by Joy Priest
after Robert Frost’s “Directive”
It becomes too much for us,
so, we take a dip. Ride
aimless down this parkway
parting unruly brush. Nature
so heavy it feels, at any moment,
ready to erupt & absorb
this silly city men have made.
We are magnificent & overhead
the trees crowd, like a mob,
into canopy. The butt of his boxed Chevy
sways across double-yellow bars,
across eroded lanes cutting
east-to-west across our side
of the city.
Across Beech & Cypress, 22nd &
18th where it turns into Dixie.
Past Park Hill’s dull yellow brick,
its clotheslines and identical yards
—building after numbered building
crossing the glass globes of my eyes.
Past the hair store, Grand Mkt.,
the apts. where my father lived
when I met him, & the loud, teal
awning of Shark’s Fish & Chicken.
I sit shotgun sans seat belt.
Tonight, knot-gutted—that tell
for fear. Maniac is leant
behind the wheel, eyes nearly closed,
in his gut: a fistful of pills,
those tiny yellow footballs. Before
he slams into that giant pin oak
down the pkwy, before the steam
& the rust flakes floating
through the one beam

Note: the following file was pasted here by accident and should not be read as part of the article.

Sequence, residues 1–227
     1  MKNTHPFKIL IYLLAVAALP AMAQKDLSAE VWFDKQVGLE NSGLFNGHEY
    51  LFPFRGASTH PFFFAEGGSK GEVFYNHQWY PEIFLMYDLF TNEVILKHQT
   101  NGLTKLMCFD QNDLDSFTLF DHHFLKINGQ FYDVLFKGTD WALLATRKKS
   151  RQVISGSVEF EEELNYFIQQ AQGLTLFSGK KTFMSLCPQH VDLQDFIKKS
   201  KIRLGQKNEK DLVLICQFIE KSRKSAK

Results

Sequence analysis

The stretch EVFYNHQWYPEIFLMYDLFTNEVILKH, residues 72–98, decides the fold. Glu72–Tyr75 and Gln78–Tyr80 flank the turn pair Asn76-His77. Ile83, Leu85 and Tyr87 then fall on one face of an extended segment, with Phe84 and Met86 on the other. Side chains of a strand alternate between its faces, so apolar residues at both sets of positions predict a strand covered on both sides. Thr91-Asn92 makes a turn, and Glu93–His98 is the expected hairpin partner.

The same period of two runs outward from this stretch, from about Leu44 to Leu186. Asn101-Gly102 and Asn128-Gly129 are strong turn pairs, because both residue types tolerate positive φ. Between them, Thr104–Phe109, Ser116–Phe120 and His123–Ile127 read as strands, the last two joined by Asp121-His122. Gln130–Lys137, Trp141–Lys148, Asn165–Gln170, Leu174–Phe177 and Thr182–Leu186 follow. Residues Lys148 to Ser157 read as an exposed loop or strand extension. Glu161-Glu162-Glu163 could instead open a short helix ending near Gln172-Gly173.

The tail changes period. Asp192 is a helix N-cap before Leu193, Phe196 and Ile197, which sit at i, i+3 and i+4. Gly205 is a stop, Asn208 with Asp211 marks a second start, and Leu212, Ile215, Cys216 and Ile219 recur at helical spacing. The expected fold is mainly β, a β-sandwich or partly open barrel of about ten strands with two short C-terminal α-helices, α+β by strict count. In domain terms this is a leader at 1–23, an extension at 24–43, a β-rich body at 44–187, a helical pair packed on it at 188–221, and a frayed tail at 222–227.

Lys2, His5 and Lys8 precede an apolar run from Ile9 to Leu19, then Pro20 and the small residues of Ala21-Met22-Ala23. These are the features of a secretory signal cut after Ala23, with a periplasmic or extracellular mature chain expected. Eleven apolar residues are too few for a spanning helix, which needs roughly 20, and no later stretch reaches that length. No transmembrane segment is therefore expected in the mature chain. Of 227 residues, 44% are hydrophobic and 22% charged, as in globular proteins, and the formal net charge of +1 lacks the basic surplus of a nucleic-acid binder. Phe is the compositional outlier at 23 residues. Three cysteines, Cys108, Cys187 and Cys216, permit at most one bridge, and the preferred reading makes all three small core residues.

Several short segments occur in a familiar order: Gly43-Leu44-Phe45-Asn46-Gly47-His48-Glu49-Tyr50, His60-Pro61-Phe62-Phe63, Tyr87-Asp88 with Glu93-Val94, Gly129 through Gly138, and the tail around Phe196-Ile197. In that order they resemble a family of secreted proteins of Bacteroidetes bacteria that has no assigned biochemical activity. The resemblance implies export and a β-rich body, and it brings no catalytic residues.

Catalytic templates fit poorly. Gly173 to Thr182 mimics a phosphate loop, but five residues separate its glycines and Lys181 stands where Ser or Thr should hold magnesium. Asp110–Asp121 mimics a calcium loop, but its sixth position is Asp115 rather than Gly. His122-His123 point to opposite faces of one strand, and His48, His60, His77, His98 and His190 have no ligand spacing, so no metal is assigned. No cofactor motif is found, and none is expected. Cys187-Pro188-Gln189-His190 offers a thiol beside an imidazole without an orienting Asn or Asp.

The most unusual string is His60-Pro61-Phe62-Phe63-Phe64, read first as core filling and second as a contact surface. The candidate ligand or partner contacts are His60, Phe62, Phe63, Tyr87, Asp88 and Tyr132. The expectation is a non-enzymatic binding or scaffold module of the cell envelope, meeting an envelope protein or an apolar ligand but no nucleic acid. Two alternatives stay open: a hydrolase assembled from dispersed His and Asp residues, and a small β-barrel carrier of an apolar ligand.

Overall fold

of that insistent headlight,
that streetlamp giving up
to the dark, something telling me
to get out. When I leave
his grey Caprice, I step out of
a dimension, a place in my youth
I can’t return to. How quick
the fire turns to ash as I hand
the smoke to him. He is pulling away.
The cigarillo is slipping through
his dangled fingers to join the ground
like every ending thing. He’s done
enough to escape our streets—
or named for the trees.
Joy Priest is a writer from Louisville, Kentucky. She is the recipient of the 2016 Hurston/Wright Foundation’s College Writers’ Award, and has received support from the Fine Arts Work Center at Provincetown, the Bread Loaf Writers’ Conference, the Kentucky Arts Council, and the Kentucky Foundation for Women. She is currently an MFA candidate at the University of South Carolina where she teaches and serves as Senior Editor for Yemassee Journal. Her poetry and prose has appeared or is upcoming in Blackbird, Callaloo, Drunken Boat, Third Coast, Best New Poets 2014 and 2016, and The Breakbeat Poets: New American Poetry in the Age of Hip-Hop, among others.